Chain restaurants are predicated on standardization.
Cheryl Wilson
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So, I spent part of my career recently in the produce industry, with a national, corporate produce distributor. My job was actually to conduct outreach with small farms, and try to fulfill our customers stated demand for “locally grown” food. I found that restaurants and institutions love to talk about buying local, but have trouble walking the talk. Chipotle is no different.

I have helped create bids for Chipotle, and I can tell you that their claims about using locally grown produce are complete and total b.s. As for their claims about “sustainble” meat — the total U.S. supply of such meat is such a tiny percentage of overall production, there is no way that Chipotle can use all, or even mostly, sustainable meat for their restaurants. The supply simply does not exist.

The reason aggregation of local small-farm produce won’t work for chains like Chipotle is because chain restaurants have very rigid guidelines for quality, grade and pricing. Essentially, they think of vegetables and fruits the same as widgets.

For example, every bell pepper must be the same size, shape and color, and they will reject the product if it is inconsistent. In the industry, this is referred to as “quality” — and it has everything to do with cost. Chain restaurants have these rigid standards because they have to be able to control the cost, which has to do with yeild (i.e.: how many ounces of sliced peppers can you get from one bell pepper). What’s more, prices are negotiated and contracted on a mass scale, long before the product is ever harvested and packed. If you as the grower can’t promise the volume and specifications the buyer requires, you can’t do business. And, for you as the grower, the buyer is not Chipotle, it is the distributor, who is simply working on behalf of their customer, Chipotle.

Chain restaurants also demand perfect produce for aesthetic reasons. They set expectations in the minds of their customers through marketing, and marketing is based on appearances, not taste. At the individual restaurant level, kitchen staff are not allowed to make decisions about presentation. They have to make the food look like the picture. And yes, there are actual pictures of the dishes in the kitchen to help the staff acheive consistency of the presentation.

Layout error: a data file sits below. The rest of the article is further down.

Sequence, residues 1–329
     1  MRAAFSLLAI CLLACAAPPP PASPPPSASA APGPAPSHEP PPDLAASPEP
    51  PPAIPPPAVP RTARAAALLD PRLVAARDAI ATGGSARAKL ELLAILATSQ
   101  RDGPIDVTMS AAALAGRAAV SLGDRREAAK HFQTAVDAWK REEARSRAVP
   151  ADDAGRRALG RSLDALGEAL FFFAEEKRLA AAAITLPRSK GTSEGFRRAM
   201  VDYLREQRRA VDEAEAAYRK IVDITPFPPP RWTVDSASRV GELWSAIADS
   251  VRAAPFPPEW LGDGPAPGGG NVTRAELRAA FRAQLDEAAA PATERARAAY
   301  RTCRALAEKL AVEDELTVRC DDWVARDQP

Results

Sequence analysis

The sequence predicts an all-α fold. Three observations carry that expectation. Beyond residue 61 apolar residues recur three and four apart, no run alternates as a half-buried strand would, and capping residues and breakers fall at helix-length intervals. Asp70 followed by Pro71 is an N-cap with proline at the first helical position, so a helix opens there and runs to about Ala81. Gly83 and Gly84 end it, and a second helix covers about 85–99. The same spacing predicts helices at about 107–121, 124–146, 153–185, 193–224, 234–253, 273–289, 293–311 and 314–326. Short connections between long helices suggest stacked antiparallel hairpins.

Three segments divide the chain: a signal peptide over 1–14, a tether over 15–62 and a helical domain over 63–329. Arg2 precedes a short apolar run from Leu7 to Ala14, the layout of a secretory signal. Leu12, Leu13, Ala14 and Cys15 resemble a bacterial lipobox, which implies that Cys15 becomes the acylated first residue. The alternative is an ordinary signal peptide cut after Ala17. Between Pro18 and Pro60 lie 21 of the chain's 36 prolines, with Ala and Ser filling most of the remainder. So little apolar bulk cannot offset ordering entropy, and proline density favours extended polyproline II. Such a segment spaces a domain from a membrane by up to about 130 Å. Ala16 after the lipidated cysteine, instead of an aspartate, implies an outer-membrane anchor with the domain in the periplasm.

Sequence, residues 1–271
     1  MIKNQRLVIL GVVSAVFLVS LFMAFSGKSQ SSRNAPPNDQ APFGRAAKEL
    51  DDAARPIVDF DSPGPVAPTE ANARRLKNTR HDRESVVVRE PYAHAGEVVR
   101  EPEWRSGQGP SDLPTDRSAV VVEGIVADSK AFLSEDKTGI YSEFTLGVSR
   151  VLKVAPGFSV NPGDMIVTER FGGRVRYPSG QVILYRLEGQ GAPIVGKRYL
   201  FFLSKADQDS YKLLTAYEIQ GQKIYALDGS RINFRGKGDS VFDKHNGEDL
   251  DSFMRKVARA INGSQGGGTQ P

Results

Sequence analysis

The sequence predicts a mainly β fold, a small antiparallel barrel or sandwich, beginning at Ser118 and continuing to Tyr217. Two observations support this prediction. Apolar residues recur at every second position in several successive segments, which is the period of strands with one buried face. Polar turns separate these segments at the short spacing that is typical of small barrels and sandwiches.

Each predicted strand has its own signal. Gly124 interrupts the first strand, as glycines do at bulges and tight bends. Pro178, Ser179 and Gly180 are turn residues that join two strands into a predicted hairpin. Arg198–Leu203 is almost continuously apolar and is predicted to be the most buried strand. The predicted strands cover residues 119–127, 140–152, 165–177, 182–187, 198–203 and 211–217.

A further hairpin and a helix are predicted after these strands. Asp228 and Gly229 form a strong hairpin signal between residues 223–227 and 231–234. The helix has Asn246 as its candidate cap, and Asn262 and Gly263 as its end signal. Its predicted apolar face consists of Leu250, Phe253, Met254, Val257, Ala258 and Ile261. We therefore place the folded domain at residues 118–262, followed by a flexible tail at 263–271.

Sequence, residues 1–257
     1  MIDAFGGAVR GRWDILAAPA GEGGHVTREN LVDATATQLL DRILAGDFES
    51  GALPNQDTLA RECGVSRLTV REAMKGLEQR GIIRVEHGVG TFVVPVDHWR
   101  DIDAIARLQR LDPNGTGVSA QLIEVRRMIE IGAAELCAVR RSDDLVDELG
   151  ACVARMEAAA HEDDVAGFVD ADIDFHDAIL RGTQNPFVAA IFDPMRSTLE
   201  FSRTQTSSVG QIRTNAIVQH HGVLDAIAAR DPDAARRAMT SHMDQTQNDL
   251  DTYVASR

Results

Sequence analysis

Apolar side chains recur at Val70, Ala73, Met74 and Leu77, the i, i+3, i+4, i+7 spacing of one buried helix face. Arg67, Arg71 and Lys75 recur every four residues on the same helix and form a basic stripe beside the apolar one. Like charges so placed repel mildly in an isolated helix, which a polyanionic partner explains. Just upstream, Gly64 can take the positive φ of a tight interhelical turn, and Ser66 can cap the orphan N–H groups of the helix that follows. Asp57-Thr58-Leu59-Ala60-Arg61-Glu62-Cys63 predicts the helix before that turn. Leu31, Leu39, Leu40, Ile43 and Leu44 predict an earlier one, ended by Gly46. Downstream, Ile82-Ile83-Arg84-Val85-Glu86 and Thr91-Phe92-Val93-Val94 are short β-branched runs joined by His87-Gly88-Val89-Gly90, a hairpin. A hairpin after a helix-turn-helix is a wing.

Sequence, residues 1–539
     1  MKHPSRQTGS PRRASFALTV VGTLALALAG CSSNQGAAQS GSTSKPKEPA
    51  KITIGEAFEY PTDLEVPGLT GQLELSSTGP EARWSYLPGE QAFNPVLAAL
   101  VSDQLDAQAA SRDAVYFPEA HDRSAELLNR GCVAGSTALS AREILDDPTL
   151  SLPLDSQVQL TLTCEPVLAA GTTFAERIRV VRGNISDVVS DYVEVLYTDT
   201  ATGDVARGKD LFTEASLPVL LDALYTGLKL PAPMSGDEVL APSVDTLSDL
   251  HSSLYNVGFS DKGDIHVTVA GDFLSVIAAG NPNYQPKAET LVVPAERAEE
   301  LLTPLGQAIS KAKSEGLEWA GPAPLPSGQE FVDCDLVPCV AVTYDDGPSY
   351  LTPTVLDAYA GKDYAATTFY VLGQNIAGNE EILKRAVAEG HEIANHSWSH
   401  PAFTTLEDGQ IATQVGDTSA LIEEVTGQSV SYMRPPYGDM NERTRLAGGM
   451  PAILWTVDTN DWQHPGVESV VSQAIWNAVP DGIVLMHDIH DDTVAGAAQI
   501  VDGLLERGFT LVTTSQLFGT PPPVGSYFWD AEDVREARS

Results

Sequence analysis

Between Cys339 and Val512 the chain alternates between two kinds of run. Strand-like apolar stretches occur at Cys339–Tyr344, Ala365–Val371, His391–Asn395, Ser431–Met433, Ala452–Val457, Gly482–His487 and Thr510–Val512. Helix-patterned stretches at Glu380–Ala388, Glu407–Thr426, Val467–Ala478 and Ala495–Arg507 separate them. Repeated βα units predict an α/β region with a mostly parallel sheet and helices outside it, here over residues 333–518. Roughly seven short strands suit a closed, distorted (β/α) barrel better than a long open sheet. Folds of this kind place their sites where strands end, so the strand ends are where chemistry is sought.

I have seen thousands of pounds of strawberries rejected due to a condition called “white shoulders” — this is where the little area around the calyx didn’t turn red. At home, you might cut that portion off (or even just eat it). But the kitchen staff at the restaurant is not allowed to do that. They are taught that the berry must be perfect. It has to be a certain size and color, and has to be positioned a certain way on top of the cheesecake slice. Cutting it, or hiding the white shoulder in the whipped cream is not an option. So, imperfect berries don’t even make it through the back door. When the distributor can’t sell them, they’re often dumped, but sometimes given to a food bank — either way, a loss.

The grower will generally eat the cost of substandard product, one way or another. If the distributor accepts the product in the first place, it will likely be for a rock-bottom price.

As for institutions (schools, hospitals, etc.), the quality and appearance guidelines for produce are not as rigid; however, price becomes super important. Institutions require even cheaper food than chain restaurants. And frequently, they cannot afford the labor costs involved with processing. That means that they will only buy lettuce if it is washed, chopped and bagged; and, they use lots of frozen products (corn, peas, etc.) because it is cheaper and requires no labor. Institutions do buy produce that retailers and restaurants would reject — like the smallest apples and oranges — but they want it dirt cheap all year long, and they don’t care where it comes from.

As a practical matter, aggregated product from multiple small farmers cannot meet such rigid standards of consistency, much less price. Food hubs are a great idea if they can operate as non-profits or farmer-owned cooperatives; however, they are still just basically distributors, and will be subject to competition from large distribution companies that already know how to serve chain restaurants and institutions.

I love local farmers, and I believe that we need many, many more people to grow their own food, whether in container gardens, market gardens or small farms. I’m just under no illusions about adapting that model to corporate chains.

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